We’ve all been there as new plant parents before. Going to bed filled with hopes and dreams of growing your very own in-home jungle, only to awaken to find your new little plant pal completely fried, or even worse, dead.
Knowing there’s nothing to blame but you and your own neglect, you give up. But don’t! If you want easy success with house plants, here are six hardy plants even the most notorious plant killers would have a hard time taking down.
Disclaimer: No plant is immortal, but if you’re new to plant keeping or have a poor track record, these options are probably your best bet.
This plant is extremely drought-tolerant, meaning you can completely forget you even have one and it is likely to thrive. Because there are no branches, its slender profile makes it an ideal floor plant for small spaces. Snake plants need well-drained potting mix that doesn’t hold a lot of water. And they like to be in bright but indirect sunlight. However, you can park it in a dark corner and it’ll be just fine.
Like its eight-legged namesake, the spider plant is a true survivor. Its hardiness and versatility make it a very popular houseplant. I don’t have one because I think they’re ugly, but if you want a plant you won’t kill and don’t care how it looks, give this one a try! This plant can grow in a wide range of conditions and suffers from few problems, other than brown tips. The spider plant is so named because of its spider-like leaves, or spiderettes, which dangle down from the mother plant like spiders on a web.
Aloes are some of the very first plants I remember seeing around my house growing up. My mom told me the gel inside this plant’s leaves is magical and can cure any ailment. Turns out they’re not magic at all, although the gel inside is great for treating sunburns and small cuts. They make for a very hard-to-kill plant, requiring very little upkeep, and thrive in a wide range of temperatures, meaning they’ll likely always feel comfortable in your home. Make sure it gets a fair amount of sunlight or its leaves will begin to droop — and only water it every three weeks or so.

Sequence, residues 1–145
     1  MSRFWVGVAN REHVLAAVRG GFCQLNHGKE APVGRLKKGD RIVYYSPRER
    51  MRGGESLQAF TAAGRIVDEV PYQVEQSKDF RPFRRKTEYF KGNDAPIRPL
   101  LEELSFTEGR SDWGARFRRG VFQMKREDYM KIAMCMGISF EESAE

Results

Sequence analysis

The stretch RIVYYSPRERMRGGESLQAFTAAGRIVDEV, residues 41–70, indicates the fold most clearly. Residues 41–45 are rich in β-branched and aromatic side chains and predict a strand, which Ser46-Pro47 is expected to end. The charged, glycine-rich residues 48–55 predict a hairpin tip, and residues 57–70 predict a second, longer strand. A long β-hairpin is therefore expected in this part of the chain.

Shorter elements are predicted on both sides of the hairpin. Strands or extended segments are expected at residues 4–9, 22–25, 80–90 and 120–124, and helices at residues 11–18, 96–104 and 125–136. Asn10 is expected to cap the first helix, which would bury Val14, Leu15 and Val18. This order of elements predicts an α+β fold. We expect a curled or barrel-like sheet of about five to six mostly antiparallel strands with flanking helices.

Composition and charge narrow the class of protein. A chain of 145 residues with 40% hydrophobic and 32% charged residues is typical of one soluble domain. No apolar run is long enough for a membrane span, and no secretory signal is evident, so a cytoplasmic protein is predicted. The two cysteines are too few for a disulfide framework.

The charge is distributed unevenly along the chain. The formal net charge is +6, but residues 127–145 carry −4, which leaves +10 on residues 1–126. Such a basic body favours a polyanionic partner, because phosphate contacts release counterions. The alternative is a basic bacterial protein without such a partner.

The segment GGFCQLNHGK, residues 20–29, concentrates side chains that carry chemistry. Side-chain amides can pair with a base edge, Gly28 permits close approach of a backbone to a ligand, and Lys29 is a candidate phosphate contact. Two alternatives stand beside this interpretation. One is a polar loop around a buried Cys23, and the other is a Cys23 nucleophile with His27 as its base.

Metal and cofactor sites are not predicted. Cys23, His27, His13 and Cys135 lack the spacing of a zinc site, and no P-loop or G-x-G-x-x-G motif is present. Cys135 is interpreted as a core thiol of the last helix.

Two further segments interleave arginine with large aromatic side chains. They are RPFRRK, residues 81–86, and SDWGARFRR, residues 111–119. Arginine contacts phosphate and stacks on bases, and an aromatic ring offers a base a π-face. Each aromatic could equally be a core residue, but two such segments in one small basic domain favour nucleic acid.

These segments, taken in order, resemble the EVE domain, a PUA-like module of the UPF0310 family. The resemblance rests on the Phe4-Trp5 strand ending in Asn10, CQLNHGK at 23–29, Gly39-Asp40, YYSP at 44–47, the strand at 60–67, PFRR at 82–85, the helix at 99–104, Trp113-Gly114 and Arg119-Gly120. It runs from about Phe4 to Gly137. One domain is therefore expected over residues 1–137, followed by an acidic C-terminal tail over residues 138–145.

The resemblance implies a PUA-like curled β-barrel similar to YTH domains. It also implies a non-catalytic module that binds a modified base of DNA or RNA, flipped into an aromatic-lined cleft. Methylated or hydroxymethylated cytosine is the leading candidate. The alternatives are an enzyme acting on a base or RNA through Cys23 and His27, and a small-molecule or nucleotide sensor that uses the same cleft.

Three words: no soil required. Even if you consider yourself the most neglectful plant parent, you can keep these little shoots alive. Air plants are epiphytes — plants that attach themselves to other plants for support, without relying on the host to thrive. They absorb moisture and nutrients through their leaves, not their roots, which they use only to anchor themselves to other plants or objects.
Pothos go by several different names — devil’s vine, devil’s ivy, and golden pathos. Some plant parents say it is the easiest of all houseplants to care for as they thrive in low-light conditions and even don’t mind artificial light. These guys prefer to be watered when their soil is completely dry so it’s perfect for all the chronic forget-to-waterers out there. Pothos have very pretty heart-shaped leaves that are attached to vines which can grow up to 30 feet long and propagate very easily.
If you want to impress your friends with a plant that looks like it requires a lot of effort and maintenance but doesn’t, give a peace lily a try. They are low maintenance, easy to grow, and are marked by their striking white flowers and dark green foliage. Peace lilies are not for plant parents who forget to water as they need a lot of water to stay healthy. I find I water mine every two weeks or so and use at least a litre of water each time.
Got a green tip to share with us or something plant-ey you would like us to investigate? Send your ideas to Jace at aestheticSnail@outlook.com.